The vaccine’s last mile problem

Source: This post is based on the article “The vaccine’s last-mile problem” published in The Hindu on 31st August 2021.

Relevance: Universalisation of vaccination programme.

Synopsis: In vaccination programmes, which have complex delivery requirements, the last mile means to make or break.

Context

The article highlights the problem of increased inequalities in vaccination, which have been aggravated by the Covid pandemic. Now, as vaccines are becoming available, the next important task is to vaccinate the whole world.

This is especially true for the most vulnerable people or places like the mountains of Afghanistan and Amazon, nomadic populations etc. The debates over vaccine nationalism, intellectual properties or technology transfer should not be allowed to stifle the drive of vaccinating the entire world.

What are the issues that require immediate attention?

For vaccines, to be delivered to everyone, we need to address the following challenges:

  1. Logistical Issues: There is a need to address logistical challenges like cold chain delivery requirements, supply chains etc.
  2. Infrastructure: There is a need to provide proper transport infrastructure, electricity availability to store vaccines.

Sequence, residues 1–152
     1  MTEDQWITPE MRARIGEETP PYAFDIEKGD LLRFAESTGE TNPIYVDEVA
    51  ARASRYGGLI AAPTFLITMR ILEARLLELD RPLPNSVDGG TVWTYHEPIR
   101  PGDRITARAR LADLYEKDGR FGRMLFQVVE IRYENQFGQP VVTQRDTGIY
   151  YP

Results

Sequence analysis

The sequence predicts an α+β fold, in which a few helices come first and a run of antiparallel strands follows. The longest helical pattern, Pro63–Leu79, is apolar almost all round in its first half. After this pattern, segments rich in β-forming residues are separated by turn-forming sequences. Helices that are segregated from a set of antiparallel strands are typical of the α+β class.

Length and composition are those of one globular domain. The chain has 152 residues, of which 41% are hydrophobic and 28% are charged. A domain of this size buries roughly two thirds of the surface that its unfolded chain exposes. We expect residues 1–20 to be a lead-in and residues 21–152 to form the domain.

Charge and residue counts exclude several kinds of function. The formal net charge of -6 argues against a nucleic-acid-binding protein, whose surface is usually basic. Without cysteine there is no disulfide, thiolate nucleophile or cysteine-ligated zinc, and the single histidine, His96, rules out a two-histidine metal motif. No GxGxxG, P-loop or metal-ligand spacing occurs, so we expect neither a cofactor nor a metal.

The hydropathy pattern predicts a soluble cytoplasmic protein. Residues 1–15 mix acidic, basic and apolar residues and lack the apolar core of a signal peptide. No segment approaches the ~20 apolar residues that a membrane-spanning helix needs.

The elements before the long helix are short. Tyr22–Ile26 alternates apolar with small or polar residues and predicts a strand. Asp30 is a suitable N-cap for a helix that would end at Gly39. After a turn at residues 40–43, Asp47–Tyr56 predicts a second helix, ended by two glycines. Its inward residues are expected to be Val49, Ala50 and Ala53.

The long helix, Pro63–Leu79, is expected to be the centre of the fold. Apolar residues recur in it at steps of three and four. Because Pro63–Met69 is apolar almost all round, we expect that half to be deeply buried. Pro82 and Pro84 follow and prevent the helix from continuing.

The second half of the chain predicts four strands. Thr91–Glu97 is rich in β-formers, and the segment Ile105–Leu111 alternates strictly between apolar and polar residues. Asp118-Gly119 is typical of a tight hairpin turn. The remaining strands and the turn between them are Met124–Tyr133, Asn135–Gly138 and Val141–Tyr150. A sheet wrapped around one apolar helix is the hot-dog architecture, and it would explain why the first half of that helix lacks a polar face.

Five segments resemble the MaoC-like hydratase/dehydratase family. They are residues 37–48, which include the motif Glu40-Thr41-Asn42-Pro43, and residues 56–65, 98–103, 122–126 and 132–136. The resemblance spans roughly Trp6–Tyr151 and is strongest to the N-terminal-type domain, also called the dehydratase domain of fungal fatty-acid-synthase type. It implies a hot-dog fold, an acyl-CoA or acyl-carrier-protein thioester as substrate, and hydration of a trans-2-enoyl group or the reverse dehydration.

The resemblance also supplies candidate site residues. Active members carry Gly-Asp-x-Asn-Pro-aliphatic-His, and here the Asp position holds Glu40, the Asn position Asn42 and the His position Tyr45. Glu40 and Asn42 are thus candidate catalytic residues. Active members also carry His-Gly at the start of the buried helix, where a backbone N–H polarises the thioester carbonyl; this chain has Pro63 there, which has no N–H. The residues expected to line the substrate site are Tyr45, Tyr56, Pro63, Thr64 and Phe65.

3. Health system: For the successful rollout of vaccines, there is a need to upgrade the health infrastructure with proper training to vaccinators to full availability of health staff.
  4. Communication: Communities should be fully aware of the purpose of the vaccination drive.
  5. Sustainability: There is a need to ensure sustainable methods to dispose of medical waste generated from the vaccination drives.
What are the long term benefits of extensive vaccination?

The extensive vaccination drive may also provide certain long term benefits. Such as:

  • It provides the opportunity to build resilient health systems.
  • If the infrastructure was created in a sustainable way at present, then it will serve the communities after the pandemic also. For instance, the solar water heaters, cold chain facilities, medical waste incinerators, etc can be used by the local community for the long term.

The pandemic revealed the inequalities and also the gaps in our health infrastructure. Thus, it should be seen as an opportunity to revitalize our health infrastructure and health systems.

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